Parking is basic geometry, right? To prevent chaos and to maximize space, we’ve devised a simple system whereby you are obligated to maneuver your rectangle-shaped car into a larger car-shaped rectangle. Not too complicated, yet based on my observations that I make in every parking lot I enter, parking a car is either so easy an single-celled organism lacking opposable thumbs could do it blindfolded, or so difficult that a single-celled organism could have a master’s in applied math from MIT and still not be able to keep those wheels appropriately parallel and perpendicular. Any parking lot, anywhere, will prove that some people aren’t feeling the rectangles. Some people are just out there rhombusing and trapezoiding through life, and if they take up multiple parking spaces in the process, you just need to stand back and understand not everyone fits into your little rectangle world, KAREN. The rebels are here, and they are coming for all the parking spaces.
That same feeling of sticking it to the man comes over me every time I wander away from my planned reading list. There is a me with a proper TBR stack and a detailed calendar allotting each book its appropriate reading time. Then there is a me that is easily distracted by shiny book covers and friends who say “Hey have you read this? You will love it!” The back and forth between these two versions of me is vicious and bloody except there is no blood and I’m really nice to me all the time and I win no matter what because I’m reading, but still. VICIOUSNESS. BLOOD. FLAUNTED GEOMETRY.
The me that chases the book squirrels won the latest round, because as I was engaged in some light Kondo-ing, I unearthed a copy of Henry James’s Daisy Miller and Other Stories that I purchased at a used bookstore and promptly forgotten about. Woot! I pressed pause on the next planned book from my TBR stack, and in the spirit of trying to keep it fun and footloose in 2019, I decided to give myself a little reading challenge. Nothing from my TBR stack allowed, and I had to find two more books with ‘daisy’ in the title. A quick Google search later and it was ON, Daisy-style.
Daisy Miller and Other Stories-Henry James is an attention whore and I love him for it. His signature writing style is basically “I WILL GIVE YOU ALL THE PAGES AND YOU WILL SUFFER AND THANK ME” and he’s not wrong. I read his novel Portrait Of A Lady eleventy-billion years ago and I still think about that book once a week. Henry James wrote a bunch of other stuff that I need to get around to (The Ambassadors, I am coming for you, I swear) but thanks to Marie Kondo, this Henry James Wheel Of Fortune spin landed on Daisy Miller, a Gilded Age novella about a wealthy, unconventional American girl traveling through Europe with her wealthy, unconventional family. Daisy’s story is told to us by Winterbourne, a conventional American living in Europe with his conventional family and guess what? Opposites attract. Daisy operates with all the subtlety of a roller derby to as she attempts to navigate the formal, structured society of the American wealthy who settled across the pond at the turn of the century. Her brashness and candor, qualities exalted in America, make her too American as she struggles to find a place in the Old World. Winterbourne, by turns, admires and is exasperated by Daisy, and he’s powerless in the face of her charm. Daisy Miller hits all the Henry James high notes that I love-a little bit sinister, a little bit snobby-so to answer your question, yes, it sparked a buttload of joy.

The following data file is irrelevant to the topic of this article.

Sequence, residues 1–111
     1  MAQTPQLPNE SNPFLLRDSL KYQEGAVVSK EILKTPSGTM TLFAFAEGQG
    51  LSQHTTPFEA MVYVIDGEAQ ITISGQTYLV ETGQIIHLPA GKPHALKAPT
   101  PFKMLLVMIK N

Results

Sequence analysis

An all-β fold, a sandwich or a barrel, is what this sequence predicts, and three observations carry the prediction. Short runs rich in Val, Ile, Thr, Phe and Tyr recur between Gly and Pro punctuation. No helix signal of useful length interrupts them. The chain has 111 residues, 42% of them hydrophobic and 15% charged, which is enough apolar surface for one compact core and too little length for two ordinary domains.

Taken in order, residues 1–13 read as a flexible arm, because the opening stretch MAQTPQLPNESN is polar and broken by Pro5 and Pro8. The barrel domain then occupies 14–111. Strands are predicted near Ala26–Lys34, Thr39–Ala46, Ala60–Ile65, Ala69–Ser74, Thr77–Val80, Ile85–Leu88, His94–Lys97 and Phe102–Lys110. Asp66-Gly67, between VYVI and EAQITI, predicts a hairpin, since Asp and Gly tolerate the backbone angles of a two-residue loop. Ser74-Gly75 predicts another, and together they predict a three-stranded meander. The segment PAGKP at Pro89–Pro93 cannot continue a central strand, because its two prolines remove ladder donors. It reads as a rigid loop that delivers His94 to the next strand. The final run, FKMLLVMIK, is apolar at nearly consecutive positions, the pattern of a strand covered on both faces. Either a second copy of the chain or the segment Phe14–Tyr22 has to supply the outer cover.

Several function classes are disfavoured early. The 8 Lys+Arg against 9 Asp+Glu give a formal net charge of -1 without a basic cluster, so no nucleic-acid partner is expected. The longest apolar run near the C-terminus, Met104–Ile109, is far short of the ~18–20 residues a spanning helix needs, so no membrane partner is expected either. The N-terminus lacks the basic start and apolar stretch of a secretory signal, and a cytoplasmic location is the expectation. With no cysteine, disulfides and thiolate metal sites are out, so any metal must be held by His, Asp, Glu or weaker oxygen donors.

Please Don’t Eat The Daisies – Jean Kerr was an Irish American author and Tony Award-winning playwright. Married to drama critic Walter Kerr, she wrote humorous essays about her domestic life as wife to Walter and mother to their four boys. Her 1957 essay collection, Please Don’t Eat The Daisies, made her a household name when it was adapted to the big screen with the 1960 Doris Day/David Niven movie “Please Don’t Eat The Daisies” and the small screen with a television series of the same name. Having been within three feet of a television in the past four decades, I have seen the movie “Please Don’t Eat The Daisies” multiple times. It pops up once every few months…perhaps mandated by local ordinance? Or due to great work by Doris Day’s PR team? I have no idea, but I’d always harbored mild curiosity about the source material and thanks to my Square Peg Round Daisy Reading Challenge, I finally made the time. Kerr’s work is funny and relatable, assuming that you, too, are a fixture of the Broadway community who decides to purchase a castle in Connecticut when you finally make the move out of your New York apartment. Not all of the essays in this book survive the journey from 1957 to 2019-I spent a lot of time looking up references so I could get the joke-but Jean Kerr’s sparkle and dry wit are clear.
Daisy Jones & The Six-This is the newest book by novelist Taylor Jenkins Reid and the first book I have read by this author. Let me say, oh so happily, that I picked the right time to tag in. You don’t have to be obsessed with VH1’s “Behind The Music” (which I am) or Rob Sheffield’s kinetic music-centered memoir Talking To Girls About Duran Duran (which I am) to completely fall into this flashback history of the fictional seventies rock band The Six, but it definitely helped me love it that much more. The book’s structure allows for each member of the band to tell the story of the rise and fall of the wildly successful The Six during the late 70s, the time when the music industry defined stadium rock. It’s a fascinating character study, a riveting story, and a commentary on the unique demands of fame and talent, and it was an absolutely delicious reading experience. I give it 10 out of 10 Fleetwood Macs.
Challenge completed, so it’s back to my nice, rectangular TBR stack.
I forgive you-I forgive all of you-for the daisy chain jokes you made in your head the whole time you were reading this.